So, last Friday and this whole weekend, I’ve been moving. Moving with two small kids is so fun! I wish I could do it every week! [Beats head on desk.]

Anyway, it reminded me that a while back I wrote a post soliciting flooring advice. I thought I’d do a quick follow-up for the vanishingly small number of you who care.

I said in that first post that we were promised hardwoods throughout, and it turned out not to be so. This elicited talk of small-claims lawsuits and such, so to clarify: it did not say in the MLS listing that there were hardwoods throughout. It may have said that on some sign at the open house, or we could have misread it. Whatever. As it turns out, there’s a semi-happy ending, since there were hardwoods in the places we really wanted them — the dining room and living room.

Why did we initially think there weren’t any in the dining room? Well (and I shall struggle to remain calm here), some previous owner or other had decided it was a good idea to glue down particle board over the hardwoods. Not just screw down particle board, mind you, though there were dozens of screws as well. No, they also need to dump about five gallons of glue. On the hardwoods. Picture me shaking my fist at the heavens.

Grist thanks its sponsors. Become one.

Here’s the floor, shortly after we discovered the truth and started pulling up particle board:

Floor with particle board

There ensued one of the most miserable homeowner experiences I’ve ever been privy to: me and my friends on our hands and knees with crowbars and chisels, first prying up whatever big pieces we could find, and then, toward the end, scraping glue off the floor, inch by inch by miserable, hand-destroying inch. My left leg still hasn’t regained feeling. Here’s what it looked like when we were finally done:

Floor after scraping

Grist thanks its sponsors. Become one.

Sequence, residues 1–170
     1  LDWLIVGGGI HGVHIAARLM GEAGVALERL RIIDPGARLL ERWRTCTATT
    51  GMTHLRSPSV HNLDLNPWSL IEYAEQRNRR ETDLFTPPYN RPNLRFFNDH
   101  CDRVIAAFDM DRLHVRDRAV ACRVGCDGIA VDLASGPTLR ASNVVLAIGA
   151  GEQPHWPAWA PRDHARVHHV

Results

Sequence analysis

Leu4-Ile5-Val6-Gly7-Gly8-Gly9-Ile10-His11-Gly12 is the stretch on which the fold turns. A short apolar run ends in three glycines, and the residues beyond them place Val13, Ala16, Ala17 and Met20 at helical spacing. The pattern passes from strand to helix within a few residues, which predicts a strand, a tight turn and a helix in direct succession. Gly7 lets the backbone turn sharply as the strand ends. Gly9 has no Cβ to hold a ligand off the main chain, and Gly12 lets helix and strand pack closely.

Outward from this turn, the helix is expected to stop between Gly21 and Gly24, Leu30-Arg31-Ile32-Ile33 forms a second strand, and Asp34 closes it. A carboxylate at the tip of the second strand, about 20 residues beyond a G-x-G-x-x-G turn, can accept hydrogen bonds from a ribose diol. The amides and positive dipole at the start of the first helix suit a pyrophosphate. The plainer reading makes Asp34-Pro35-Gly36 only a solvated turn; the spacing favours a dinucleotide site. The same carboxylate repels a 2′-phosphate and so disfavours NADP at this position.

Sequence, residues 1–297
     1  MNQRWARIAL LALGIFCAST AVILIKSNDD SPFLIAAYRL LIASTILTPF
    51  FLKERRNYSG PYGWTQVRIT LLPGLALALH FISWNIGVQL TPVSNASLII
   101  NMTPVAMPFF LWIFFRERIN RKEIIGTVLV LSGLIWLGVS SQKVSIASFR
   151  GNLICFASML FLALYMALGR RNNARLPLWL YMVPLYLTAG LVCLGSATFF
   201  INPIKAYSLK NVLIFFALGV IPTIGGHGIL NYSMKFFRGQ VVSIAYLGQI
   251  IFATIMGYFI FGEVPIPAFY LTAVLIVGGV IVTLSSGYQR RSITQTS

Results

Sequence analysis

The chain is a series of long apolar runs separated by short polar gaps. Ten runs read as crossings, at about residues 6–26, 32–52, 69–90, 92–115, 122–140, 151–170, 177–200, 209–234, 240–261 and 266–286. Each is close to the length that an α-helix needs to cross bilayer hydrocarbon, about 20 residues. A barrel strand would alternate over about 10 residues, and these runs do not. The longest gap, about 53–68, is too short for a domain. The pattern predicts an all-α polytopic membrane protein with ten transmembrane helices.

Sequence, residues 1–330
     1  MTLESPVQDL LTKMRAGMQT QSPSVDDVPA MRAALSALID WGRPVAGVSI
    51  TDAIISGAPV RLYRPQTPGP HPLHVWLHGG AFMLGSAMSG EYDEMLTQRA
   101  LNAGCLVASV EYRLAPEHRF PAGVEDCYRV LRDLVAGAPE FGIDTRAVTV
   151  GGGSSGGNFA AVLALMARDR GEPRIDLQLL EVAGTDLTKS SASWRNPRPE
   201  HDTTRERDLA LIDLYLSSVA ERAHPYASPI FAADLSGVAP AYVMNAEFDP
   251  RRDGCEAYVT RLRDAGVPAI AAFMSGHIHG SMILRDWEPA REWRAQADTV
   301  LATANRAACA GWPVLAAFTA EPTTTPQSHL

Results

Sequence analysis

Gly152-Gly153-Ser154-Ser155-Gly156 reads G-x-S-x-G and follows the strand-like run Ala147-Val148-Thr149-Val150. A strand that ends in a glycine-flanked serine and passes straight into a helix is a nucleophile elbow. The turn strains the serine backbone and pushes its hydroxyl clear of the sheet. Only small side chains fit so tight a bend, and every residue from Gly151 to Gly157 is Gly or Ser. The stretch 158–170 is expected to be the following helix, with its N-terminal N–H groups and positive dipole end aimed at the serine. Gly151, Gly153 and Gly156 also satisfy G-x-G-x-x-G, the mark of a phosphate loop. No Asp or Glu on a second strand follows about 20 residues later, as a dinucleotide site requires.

At that point, the hardwood professionals rode to the rescue. Two days later, here’s what it looked like:

Floor, finished


So anyway, we restored the hardwoods in the living room and dining room — the greenest option, right? The second R.

For the bedrooms we went with carpet. I know wool (or sisal or whatnot) is the eco-friendliest, but even the cheapest, lowest-quality wool carpet cost more than $1 more per square foot than recycled-fiber carpet from a carpet liquidator in town. Recycled fiber is still coated with chemicals, and really it’s downcycled, headed for the landfill, but whaddya gonna do?

For the kitchen and laundry room we got a nice, dark-brown marmoleum, which turned out to be much cheaper than we expected.

So yeah, we kept one eye on eco-friendliness, but to be honest, we were just like everybody else: cost was the overwhelming factor. I know that with lots of green building stuff, the up-front costs are high but it pays off better in the long term. But up-front costs were the overriding factor here. Hell, we’re spending on credit.

That’s why (just to give this post some pretense of relevance) Al Gore’s plan for a “Connie Mae” — a federal fund to provide short-term loans for homeowners, to overcome those high front-end costs — is so brilliant. If I could get some low-interest loans, sure, I’d get wool carpet. I’d replace my oil furnace with in-floor solar-powered radiant heating. Hell, I’d put up a windmill. But when a guy’s scraping for pennies, well, it’s all about satisficing.

Reader support helps sustain our work. Donate today to keep our climate news free. All donations DOUBLED!